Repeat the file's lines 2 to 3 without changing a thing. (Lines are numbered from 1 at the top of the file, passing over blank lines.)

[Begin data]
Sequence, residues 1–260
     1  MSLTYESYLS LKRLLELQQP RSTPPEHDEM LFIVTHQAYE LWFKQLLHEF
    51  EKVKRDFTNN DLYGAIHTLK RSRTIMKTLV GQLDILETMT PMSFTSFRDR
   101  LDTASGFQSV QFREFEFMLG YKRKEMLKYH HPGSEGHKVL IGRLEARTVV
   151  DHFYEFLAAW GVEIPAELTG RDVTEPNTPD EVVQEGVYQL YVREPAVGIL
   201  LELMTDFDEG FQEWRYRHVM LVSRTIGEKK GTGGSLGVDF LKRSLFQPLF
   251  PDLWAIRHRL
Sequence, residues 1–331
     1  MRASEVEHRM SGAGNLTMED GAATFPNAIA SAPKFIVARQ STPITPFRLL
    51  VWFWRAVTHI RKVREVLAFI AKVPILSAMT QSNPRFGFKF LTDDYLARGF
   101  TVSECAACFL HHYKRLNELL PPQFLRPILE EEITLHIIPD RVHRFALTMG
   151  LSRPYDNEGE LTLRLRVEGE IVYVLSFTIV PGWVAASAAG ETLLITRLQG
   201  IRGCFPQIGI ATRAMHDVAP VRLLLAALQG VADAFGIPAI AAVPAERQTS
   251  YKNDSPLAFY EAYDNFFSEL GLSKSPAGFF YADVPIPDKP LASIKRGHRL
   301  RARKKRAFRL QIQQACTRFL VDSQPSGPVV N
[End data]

     1  MSLTYESYLS LKRLLELQQP RSTPPEHDEM LFIVTHQAYE LWFKQLLHEF
    51  EKVKRDFTNN DLYGAIHTLK RSRTIMKTLV GQLDILETMT PMSFTSFRDR